“Like perpetual motion?” you say, startled.
That is the lay term, he replies,
but the community of scholars that studies these possibilities has a rather more sophisticated and nuanced understanding of the concept, you know.
“But you studied physics in college! You know about the laws of thermodynamics — you must know that the science is clear, that perpetual motion machines are impossible. If you’ve been studying these, you must also know that the empirical evidence is strong — there have been a multitude of weird devices built to generate free energy, and they’ve all been failures, and many have been fakes.”
Of course,, he says, peevishly,
I have nothing but respect for science. But I am sincere — I’m not trying to con anyone! — and it’s just possible we might discover something science doesn’t know about yet.
“But you’re proposing something that contradicts how the universe works, and without evidence…”
Stop. It doesn’t really matter whether we prove that zero point energy is feasible or not, because building this device has taught me a lot about precision machining, and I’ve made such good friends in the quantum vacuum zero-point energy community, and I find it very comforting to spend a few hours every day fine-tuning my machine. This isn’t about perpetual motion. You should be paying more attention to all the virtues on the side.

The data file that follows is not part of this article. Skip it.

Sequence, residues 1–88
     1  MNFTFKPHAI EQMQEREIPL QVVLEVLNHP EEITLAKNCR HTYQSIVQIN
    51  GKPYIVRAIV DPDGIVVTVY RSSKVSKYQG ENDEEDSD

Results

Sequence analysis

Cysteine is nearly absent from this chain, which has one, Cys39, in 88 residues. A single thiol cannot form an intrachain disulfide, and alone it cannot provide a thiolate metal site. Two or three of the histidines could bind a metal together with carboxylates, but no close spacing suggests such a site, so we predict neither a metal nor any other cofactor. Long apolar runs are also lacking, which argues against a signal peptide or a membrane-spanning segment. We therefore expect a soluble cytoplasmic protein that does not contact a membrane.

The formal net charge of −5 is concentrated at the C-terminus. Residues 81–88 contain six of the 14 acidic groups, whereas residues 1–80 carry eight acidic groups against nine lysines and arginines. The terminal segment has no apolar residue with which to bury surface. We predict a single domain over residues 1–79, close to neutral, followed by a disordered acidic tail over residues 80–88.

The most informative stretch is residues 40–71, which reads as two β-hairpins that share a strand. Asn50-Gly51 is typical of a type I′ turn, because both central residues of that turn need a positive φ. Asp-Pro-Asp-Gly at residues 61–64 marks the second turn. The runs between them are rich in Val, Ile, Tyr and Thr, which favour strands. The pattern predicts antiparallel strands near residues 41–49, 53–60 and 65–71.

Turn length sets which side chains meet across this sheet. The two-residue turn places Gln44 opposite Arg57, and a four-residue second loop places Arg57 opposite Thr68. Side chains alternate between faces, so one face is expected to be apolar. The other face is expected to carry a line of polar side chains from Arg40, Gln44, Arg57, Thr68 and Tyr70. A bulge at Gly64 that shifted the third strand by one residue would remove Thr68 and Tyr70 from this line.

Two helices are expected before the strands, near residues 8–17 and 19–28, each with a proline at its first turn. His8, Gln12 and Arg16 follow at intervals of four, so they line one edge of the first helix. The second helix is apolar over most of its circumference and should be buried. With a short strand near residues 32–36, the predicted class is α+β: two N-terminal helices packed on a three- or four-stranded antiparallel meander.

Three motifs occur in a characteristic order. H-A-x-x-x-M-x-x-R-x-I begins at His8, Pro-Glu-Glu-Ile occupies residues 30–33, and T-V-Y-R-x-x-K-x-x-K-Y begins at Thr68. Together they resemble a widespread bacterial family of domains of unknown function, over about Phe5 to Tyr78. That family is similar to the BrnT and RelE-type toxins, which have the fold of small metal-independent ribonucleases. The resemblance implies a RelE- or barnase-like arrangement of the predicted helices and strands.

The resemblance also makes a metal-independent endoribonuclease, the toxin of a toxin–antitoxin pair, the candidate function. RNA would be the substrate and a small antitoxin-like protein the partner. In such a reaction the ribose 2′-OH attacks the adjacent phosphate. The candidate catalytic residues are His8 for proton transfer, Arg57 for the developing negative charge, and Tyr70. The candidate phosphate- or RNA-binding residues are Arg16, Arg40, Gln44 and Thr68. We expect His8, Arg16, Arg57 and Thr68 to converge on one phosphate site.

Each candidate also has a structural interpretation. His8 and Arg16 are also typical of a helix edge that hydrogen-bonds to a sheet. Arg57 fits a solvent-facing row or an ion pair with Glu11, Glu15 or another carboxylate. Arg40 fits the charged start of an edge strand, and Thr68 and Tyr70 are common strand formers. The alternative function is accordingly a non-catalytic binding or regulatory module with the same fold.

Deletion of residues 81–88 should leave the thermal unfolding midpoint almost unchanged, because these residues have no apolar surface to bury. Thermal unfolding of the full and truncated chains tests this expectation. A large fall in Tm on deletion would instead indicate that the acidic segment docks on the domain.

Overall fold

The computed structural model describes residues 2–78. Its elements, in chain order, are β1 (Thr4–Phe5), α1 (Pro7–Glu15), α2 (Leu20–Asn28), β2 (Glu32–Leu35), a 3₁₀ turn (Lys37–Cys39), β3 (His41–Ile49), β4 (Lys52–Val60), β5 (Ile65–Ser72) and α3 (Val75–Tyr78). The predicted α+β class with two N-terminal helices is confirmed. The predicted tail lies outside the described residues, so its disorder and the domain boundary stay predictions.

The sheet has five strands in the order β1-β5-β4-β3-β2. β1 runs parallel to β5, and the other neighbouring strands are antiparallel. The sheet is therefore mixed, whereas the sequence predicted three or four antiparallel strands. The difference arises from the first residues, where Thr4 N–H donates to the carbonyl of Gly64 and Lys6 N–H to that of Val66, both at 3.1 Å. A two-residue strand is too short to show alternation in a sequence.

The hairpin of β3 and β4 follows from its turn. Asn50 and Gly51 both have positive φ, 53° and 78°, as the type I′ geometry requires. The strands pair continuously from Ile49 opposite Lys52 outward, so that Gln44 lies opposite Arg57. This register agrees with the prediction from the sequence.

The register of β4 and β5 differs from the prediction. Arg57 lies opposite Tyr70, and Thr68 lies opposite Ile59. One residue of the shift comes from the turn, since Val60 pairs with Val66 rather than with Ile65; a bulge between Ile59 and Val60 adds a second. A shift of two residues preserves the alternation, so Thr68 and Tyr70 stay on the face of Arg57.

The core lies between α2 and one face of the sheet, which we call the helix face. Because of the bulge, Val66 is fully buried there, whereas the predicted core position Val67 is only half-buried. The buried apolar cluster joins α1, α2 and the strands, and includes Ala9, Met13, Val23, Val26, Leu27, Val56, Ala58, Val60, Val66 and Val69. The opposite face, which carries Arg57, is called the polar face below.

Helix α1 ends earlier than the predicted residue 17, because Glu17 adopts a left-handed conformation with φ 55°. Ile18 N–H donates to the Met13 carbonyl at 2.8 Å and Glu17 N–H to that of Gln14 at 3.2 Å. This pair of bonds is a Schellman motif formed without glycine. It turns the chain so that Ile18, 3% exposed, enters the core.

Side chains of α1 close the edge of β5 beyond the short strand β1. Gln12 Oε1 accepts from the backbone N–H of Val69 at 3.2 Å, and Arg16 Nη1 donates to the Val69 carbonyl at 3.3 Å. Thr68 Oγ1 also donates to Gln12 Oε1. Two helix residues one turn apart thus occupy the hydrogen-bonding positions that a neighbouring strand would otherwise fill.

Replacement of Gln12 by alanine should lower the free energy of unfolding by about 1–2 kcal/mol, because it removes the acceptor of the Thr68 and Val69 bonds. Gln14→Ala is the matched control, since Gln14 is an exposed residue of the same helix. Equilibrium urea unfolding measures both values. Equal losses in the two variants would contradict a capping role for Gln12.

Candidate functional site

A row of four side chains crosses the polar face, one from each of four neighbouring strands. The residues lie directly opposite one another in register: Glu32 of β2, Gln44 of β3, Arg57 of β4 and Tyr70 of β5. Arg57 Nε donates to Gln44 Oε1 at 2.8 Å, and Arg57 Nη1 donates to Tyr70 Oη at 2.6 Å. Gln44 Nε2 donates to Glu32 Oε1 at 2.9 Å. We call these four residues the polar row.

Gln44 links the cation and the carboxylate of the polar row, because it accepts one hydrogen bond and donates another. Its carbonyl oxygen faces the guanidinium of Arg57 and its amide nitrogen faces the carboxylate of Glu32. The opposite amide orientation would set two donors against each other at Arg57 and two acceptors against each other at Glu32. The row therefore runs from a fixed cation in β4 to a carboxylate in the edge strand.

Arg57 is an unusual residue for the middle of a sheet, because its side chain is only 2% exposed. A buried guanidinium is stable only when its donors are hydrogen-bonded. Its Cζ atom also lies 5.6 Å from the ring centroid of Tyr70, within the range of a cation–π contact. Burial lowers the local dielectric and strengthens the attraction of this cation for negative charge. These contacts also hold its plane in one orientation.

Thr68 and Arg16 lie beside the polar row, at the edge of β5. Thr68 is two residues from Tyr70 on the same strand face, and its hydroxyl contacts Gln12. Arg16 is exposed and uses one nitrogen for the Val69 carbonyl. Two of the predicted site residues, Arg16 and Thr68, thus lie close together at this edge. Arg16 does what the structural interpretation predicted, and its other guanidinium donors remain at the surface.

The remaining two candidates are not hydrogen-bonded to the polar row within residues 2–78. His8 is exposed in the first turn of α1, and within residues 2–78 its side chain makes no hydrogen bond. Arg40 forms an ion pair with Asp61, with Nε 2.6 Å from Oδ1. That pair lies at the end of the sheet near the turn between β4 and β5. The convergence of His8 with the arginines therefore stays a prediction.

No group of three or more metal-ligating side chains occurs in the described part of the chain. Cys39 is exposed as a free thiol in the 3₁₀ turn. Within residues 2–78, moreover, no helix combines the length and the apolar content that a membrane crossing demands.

“Wait. A few hours a day? How long have you been working on this?”
Most of my life.
“So you’ve been pouring all of that time, effort, and skill into this project over all those years, and yet you’re trying to tell me that you don’t care whether it works or not, and the purpose of your device is entirely irrelevant and is minuscule in significance compared to the secondary virtues associated with constructing a giant Rube Goldberg machine in your living room?”
Exactly. Also, it really ties the room together, man.
And that’s how I feel about the finding
something valuable in religion nonetheless argument. It doesn’t hang together. When you find swarms of people investing huge amounts of time and money into a long-term project with dubious premises, it seems profoundly dishonest to pretend that the openly, loudly stated aims of the project are not a major contributor to participation. It’s like saying you’re a devout Catholic because you appreciate the Pope’s stylin’ attire. The clothes are real at least, but it honestly does not address at all why people are committed to such a bizarre and bogus exercise in convoluted metaphysics. That you get your reward not in the promise of a paradisial afterlife, but in the pleasures of getting to light a lot of little candles and eat crackers once a week.
You’ll have to excuse me, but I don’t believe a word of it. Not one word. That’s not a denial of the real pleasures of tall hats or exquisitely delicate machine work, but that anyone would commit themselves to bullshit they don’t believe in when they could get the same pleasures in honest and worthwhile causes.
The belief is real. It’s adherents ought to be a little embarrassed about it, and we ought not to be distracted by these post hoc excuses for it. So our friend has every right, and can believably get enjoyment out of the exercise, to build his perpetual motion machine — and we can even respect the skill going into it — but let’s not lie to each other and pretend that it’s about “community” or “ritual”. It’s about a lie that has sucked a talented human being into a dead end.